• Pauline says:

      Thanks PBM, when I first saw the Carrot Fern at the nursery, I felt it was so different from any of the ferns that I already had in the garden, and just had to have it!! It contrasts so well with the hostas round it.

  3. everything in moderation, too much of anything causes harm, some beautiful foliage Pauline, I like the Pontaderia with the sun behind it and the Stipa, when I was at BC garden I wondered what this lovely blue flowered plant was so looked it up, yes her’s were in flower when I was there in early August,
    sorry about the dead/dying looking plants, I recently said in a comment to Christina that plants can die from too much water if the roots can’t breath due to flooding, it’s been mentioned several times this year on both the radio gardening programmes I listen too,
    if the Darmera was there when you moved in then it has survived a long time so must be happy if not in the perfect place, the blue lime grass is a lovely shade of pale steel blue and I like the geranium and mahonia foliage colours, Frances

    • Pauline says:

      I think the South East has had a lot more sunshine than we have Frances, that’s probably why Beth Chatto’s Pontaderia were flowering before ours, lovely plant but it does get rather big! I’m hoping the honeysuckle and weigela might recover, it will depend on what sort of winter we have, fingers crossed. The Darmera has usually given up the ghost by July and the leaves have had to be cut away because they look such a mess, such a different story this year.

  4. I do love pontaderia, wonderful plant, but it is that shot of the ferns against the hosta leaves that I fell for. You have some lovely grasses too! Happy GBFD.

    • Pauline says:

      I’m so pleased Janet, with how my new fern has grown, and the yellow/green colour shows up so well against the hosta. Also a super contrast of texture between them. The few grasses that I have seem to do well, but grasses that like well drained soil soon succumbed to the wet here and weren’t seen any more!

  5. Hi Pauline, My favourite in this post has to be the Pontaderia. The light illuminating the paddle-shaped leaves is a great photo. I also really like the giant leaves of your Darmera peltata. That is a really statement making leaf!

    • Pauline says:

      What a difference Jennifer, that a bit of sunshine makes, when it shines through flowers and leaves. It has the same effect as sun through a stained glass window, absolutely beautiful!

  6. Anna says:

    Looking at geranium ‘Spinners’ I think that it would be worth growing for the foliage alone Pauline. Now whilst your lamium orvala looks “redder and redder” mine is looking deader and deader – I am most envious! I am not sure what the best course of action is as far as you variegated weigela. I have one too but it seems to be unperturbed by the excessive wet stuff.

    • Pauline says:

      The Weigela Anna, is planted in what is usually ‘normal’soil which is next to the bog garden. The bog garden is formed by an underground stream which also has the overflow from the pond coming into it. This is the first year we have ever known the pond overflow and the excess water came accross the lawn and the border where the Weigela is. There was water standing for quite a few days and this happened a few times when we were being inundated with rain. I think it was standing in water for far too long. Sorry to hear that your lamium isn’t happy, maybe it will sprout again in the spring, don’t be too quick to replace it.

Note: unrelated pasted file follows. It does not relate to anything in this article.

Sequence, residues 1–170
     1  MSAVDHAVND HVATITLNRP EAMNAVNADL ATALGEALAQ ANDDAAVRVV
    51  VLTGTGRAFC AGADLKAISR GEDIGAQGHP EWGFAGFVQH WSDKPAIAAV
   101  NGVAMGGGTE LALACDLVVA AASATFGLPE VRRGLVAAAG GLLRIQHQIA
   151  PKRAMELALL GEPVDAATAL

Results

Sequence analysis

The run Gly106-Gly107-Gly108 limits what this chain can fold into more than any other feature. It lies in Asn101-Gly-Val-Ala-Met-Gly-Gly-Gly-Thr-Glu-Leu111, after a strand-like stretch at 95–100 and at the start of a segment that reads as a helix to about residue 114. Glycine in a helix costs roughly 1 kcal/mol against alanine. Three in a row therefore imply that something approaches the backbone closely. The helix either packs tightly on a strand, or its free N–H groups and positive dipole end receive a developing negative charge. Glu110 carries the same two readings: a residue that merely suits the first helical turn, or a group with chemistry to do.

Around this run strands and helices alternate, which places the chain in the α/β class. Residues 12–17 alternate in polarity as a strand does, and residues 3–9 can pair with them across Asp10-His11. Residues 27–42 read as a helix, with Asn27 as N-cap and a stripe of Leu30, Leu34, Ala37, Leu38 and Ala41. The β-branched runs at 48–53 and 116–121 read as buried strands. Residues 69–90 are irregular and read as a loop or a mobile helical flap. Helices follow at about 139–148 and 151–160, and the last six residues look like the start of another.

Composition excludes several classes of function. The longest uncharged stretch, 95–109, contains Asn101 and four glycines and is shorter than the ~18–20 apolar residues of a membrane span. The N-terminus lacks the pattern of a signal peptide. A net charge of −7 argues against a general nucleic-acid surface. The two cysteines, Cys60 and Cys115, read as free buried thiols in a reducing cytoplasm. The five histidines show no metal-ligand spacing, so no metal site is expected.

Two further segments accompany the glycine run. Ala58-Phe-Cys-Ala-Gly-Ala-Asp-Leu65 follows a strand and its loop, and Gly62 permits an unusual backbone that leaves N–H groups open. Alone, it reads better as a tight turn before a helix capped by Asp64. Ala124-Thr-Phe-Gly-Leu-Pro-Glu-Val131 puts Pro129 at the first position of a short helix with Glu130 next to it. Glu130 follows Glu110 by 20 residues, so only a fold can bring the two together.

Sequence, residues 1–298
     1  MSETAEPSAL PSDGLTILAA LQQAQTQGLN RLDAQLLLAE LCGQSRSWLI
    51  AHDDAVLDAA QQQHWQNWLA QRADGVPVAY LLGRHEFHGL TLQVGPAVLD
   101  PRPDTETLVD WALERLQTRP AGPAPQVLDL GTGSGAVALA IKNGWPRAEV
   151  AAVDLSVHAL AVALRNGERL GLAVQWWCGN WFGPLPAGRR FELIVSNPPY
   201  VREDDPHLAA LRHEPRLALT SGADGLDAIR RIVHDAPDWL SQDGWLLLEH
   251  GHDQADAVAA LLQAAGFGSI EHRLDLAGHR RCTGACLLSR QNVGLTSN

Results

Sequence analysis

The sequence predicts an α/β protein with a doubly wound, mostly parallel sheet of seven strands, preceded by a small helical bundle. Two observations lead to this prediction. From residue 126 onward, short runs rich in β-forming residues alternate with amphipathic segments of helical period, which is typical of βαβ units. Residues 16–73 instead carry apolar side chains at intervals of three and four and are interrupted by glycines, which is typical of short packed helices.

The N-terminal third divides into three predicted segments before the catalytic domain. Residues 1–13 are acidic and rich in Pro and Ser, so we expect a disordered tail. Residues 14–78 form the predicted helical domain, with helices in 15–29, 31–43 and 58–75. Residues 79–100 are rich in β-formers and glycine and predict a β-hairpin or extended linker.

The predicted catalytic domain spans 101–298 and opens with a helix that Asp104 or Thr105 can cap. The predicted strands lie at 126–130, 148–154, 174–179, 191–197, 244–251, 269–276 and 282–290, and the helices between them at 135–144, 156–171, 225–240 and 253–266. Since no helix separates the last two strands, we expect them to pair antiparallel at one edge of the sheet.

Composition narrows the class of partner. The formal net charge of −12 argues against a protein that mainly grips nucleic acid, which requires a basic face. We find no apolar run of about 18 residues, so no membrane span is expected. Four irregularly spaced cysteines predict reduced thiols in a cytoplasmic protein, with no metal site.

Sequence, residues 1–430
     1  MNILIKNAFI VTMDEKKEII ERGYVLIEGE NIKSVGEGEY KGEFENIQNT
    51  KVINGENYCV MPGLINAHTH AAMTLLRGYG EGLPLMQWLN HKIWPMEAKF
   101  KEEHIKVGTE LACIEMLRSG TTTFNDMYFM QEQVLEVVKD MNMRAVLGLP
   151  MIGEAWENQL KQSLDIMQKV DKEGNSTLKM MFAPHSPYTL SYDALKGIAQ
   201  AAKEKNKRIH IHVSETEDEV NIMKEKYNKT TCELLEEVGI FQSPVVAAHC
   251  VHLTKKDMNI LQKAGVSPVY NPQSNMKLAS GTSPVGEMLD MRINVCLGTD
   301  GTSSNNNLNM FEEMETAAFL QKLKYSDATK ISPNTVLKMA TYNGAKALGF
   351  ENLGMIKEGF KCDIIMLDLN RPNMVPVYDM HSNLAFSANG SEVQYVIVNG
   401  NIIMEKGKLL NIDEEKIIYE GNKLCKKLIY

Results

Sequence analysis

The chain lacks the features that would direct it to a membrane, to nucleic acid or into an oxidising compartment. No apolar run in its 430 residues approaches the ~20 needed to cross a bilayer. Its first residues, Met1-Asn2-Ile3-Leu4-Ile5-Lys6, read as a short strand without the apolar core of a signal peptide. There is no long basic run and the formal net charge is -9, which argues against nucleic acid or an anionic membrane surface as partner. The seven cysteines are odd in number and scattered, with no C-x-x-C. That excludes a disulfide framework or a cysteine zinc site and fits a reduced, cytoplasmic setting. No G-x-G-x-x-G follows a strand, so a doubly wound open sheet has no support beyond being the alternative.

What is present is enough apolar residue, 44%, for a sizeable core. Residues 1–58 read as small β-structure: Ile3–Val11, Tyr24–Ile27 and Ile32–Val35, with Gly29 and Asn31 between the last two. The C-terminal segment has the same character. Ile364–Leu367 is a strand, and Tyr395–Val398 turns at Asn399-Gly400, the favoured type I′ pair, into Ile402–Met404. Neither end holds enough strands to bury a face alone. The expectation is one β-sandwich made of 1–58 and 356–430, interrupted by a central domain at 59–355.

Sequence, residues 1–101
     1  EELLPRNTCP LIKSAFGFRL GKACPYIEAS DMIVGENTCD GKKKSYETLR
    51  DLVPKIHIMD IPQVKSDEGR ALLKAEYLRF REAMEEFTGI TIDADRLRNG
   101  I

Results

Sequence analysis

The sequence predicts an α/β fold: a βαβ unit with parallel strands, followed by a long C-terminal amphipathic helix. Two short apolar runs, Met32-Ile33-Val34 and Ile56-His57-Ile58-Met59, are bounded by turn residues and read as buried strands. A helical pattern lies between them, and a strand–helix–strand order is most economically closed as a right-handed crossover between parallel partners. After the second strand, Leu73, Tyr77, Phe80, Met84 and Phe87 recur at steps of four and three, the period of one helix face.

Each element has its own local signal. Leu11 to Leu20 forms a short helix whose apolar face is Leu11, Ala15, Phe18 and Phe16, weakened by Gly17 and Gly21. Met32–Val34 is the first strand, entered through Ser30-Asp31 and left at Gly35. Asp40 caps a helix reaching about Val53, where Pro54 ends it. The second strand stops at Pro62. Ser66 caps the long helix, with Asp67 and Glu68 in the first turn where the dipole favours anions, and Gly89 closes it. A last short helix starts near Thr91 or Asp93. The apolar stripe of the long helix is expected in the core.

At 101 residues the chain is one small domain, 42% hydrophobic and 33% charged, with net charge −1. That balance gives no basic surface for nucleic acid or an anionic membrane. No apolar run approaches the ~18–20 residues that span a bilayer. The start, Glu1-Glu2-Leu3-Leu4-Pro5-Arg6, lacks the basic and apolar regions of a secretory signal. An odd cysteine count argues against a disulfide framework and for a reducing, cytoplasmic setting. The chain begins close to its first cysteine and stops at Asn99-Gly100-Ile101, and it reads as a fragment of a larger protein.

7. wellywoman says:

    So much I loved. Never seen pontaderia before and it’s stunning. The light on the stipa is beautiful and I love the sculptural succulent. Sorry I can’t help with identification. I must ask though how on earth have you got hostas that don’t look like doilies? I think I’m going to try nematodes in the garden next year.

    • Pauline says:

      WW, I have a hosta by the front door that looks like a lace doily, all the others are looking fine with maybe one or two holes. I put this down to all our blackbirds, we have at least 2 families, our thrushes and our hedgehog ( he keeps leaving messages on the lawn !). With all the rain, what are normally quite large leaves, this year they are HUGE! Looking forward to the Pontaderia flowers, should be flowering by now, will make do with the foliage in the meantime.

  8. Had to get rid of our Pontaderia, beautiful vibrant blue flowers, but it was taking over the WHOLE pond. Mystery plant looks like an Aloe. Does it flower for you?

    • Pauline says:

      My Pontaderia is now flowering Diana, just a week after being photographed, lovely flowers. Hopefully mine won’t take over the pond as it is in a basket in the water so should be reasonably easy to split when the time comes. Thanks for coming up with the name of Aloe for my plant, so far it hasn’t flowered, not in the 4 yrs I’ve had it, would it need more heat than we have do you think?

  9. debsgarden says:

    I love your Pontaderia! Also your carrot fern! We also have had a lot of rain and the jungle is encroaching. My variegated weigela is looking puny, too, but I believe its brown edged leaves were caused by the extremely hot, dry June we had prior to the rains of July and August. I am hoping it is not a fungus or virus. As for yours, I would cut back any dead stems and reshape the rest into a pleasing form, then see how it regrows.

    • Pauline says:

      Deb, poor Weigela seem to be suffering, the world over. Thanks for the advice, I think it is going to be a waiting game to see how many plants succumb to the extremes that we have all been having. I’m now a bit worried about the Mahonia that I showed which has a red leaf, all the other leaves are now decidedly yellow. not looking good. Hope your Weigela makes it!

  10. Cathy says:

    It really highlights the lovely colours and textures when you focus specifically on them, doesn’t it?

    • Pauline says:

      Over the years Cathy, I have come to realise the importance of foliage in the garden, we have it far longer than the flowers and lovely textures can be created. Thanks for stopping by, I will now pop over for a wander round your garden!

Comments are closed.